Stepping Up Your Function and Style with Asset Classes
The adage, “Don’t put all your eggs in one basket,” proves itself true in many things in life. It is especially true with stocks and bonds. One question I often get is, “Should I focus my investments on large cap stocks?” These stocks, often referred to as blue chip stocks, are associated with market-leading companies that have performed well throughout their trading history, like Nike, Coca-Cola, and Apple. My answer to that common question is a resounding, “No!” Why? Because even though they have managed to stand the test of time so far, they are not without risk. In fact, in 2008, many of these blue chip stocks declined by 38%. Ouch.
My advice is always to diversify. One proven method is to ensure you spread out your investments, so you have some in each asset class. An asset class is a group of securities that exhibits similar characteristics, behaves similarly in the marketplace, and is subject to the same laws and regulations. The three main asset classes are equities, or stocks; fixed income, or bonds; and cash equivalents. Each asset class goes up and down, with each serving a purpose within your portfolio.
Many advisors try to use a Callan Chart to help their clients understand asset classes and follow the asset classes by color. While Callan Charts indicate annual returns for different asset classes over the last 20 years and ranks them, they don’t really show a pattern, and you never know which will be up and which will be down. Instead, I prefer to discuss asset classes in terms of something everyone understands – shoes. Like asset classes, they each serve a purpose, and it is a good idea for your closet, and your portfolio, to have some of each.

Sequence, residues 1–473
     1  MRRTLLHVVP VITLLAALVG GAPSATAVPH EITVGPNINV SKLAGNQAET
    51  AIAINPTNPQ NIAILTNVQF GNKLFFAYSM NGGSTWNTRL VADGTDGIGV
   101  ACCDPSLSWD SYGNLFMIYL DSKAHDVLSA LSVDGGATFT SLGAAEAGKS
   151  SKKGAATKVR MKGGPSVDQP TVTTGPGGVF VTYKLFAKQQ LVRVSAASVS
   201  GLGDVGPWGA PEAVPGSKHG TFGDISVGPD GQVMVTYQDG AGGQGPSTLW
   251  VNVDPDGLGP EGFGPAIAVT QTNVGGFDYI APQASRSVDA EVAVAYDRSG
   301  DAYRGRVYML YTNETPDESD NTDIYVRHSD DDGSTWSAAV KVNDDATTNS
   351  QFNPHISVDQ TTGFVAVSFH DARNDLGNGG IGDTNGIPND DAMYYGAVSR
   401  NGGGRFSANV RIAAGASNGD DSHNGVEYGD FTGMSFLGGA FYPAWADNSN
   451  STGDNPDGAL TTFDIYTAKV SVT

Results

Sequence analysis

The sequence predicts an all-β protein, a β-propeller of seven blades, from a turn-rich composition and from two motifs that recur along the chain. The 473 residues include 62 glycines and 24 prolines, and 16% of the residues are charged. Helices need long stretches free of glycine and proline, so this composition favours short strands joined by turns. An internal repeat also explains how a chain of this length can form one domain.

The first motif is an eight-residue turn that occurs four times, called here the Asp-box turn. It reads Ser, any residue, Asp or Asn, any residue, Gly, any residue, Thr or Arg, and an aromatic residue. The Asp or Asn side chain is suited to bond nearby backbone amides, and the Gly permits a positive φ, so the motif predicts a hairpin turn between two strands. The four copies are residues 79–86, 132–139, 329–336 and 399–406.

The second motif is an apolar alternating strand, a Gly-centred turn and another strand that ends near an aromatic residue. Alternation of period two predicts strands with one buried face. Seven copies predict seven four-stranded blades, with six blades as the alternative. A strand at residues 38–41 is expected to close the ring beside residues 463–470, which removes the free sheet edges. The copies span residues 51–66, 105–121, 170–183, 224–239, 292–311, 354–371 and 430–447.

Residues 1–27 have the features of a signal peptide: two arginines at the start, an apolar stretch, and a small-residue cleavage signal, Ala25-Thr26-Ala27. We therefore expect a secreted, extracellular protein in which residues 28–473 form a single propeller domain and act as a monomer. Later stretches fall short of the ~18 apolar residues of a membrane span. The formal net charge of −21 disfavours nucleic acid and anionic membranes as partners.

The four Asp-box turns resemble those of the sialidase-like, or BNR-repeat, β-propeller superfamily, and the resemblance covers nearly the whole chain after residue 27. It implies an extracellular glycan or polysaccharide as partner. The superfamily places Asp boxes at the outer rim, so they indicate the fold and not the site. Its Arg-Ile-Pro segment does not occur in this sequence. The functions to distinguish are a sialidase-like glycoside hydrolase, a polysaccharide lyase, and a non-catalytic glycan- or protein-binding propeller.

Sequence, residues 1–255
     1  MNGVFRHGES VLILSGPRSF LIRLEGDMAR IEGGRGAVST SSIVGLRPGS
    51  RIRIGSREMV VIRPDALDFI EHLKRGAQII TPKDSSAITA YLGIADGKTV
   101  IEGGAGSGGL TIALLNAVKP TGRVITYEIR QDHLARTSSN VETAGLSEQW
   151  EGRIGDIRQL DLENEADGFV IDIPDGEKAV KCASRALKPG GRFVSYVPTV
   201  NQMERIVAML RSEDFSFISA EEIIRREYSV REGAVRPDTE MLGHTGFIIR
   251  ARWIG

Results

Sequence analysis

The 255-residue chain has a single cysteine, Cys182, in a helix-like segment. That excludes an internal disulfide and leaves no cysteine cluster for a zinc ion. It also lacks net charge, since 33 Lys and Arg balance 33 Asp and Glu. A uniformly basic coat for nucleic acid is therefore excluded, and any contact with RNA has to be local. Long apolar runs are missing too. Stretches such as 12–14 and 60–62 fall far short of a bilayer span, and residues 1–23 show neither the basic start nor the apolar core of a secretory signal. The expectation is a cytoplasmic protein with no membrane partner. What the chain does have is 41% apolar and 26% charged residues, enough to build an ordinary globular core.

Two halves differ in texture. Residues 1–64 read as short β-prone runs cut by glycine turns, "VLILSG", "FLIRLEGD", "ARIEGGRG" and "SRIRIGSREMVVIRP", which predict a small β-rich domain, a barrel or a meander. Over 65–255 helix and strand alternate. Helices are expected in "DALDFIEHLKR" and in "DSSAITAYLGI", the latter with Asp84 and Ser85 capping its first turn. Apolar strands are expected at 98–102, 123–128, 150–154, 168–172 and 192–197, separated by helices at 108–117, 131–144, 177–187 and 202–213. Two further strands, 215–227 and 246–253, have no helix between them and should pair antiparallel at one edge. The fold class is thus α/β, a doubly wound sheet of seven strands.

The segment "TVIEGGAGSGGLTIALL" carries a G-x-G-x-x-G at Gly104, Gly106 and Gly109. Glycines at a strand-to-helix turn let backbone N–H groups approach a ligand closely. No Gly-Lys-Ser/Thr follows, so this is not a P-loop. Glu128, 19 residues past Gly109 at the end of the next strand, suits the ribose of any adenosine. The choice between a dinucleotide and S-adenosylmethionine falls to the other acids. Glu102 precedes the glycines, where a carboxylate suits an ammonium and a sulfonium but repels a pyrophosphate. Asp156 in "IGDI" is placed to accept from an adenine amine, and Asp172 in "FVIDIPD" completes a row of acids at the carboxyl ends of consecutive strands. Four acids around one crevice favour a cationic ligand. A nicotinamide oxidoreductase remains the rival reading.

Boat shoes: Like a boat shoe, a US Treasury bond is comfortable, and very American. A Treasury bond, or T-Bond, is a marketable, fixed-interest US government debt with a maturity of more than 10 years. It is low risk.
Flats: Just like everyone needs flats in their closet, it’s also a very good idea to have corporate bonds. A corporate bond is a debt security issued by a corporation and sold to investors. The backing for the bond is usually the payment ability of the company, which is typically money to be earned from future operations. It carries low to medium risk.
Designer loafers: Just like a Gucci or Chanel shoe, municipal bonds are great for people in high tax brackets. A muni bond is a debt security issued by a state, municipality, or county to finance its capital expenditures, including the construction of highways, bridges, or schools. They are exempt from federal taxes and from most state and local taxes, which is what makes them especially attractive to people in high income tax brackets. They are low risk.
Sneakers: Like a faithful, comfy sneaker, cash carries no risk. You need it to live your life and make purchases.
Espadrilles: Maybe you’re not sure if you really need this fashion fad with exotic roots, but just as espadrilles add some international flair to your closet, international stocks take at least part of your money out of the US. These include any stocks for a company that is based outside of the US. They may or may not be traded on a US stock exchange and come with a medium to high risk.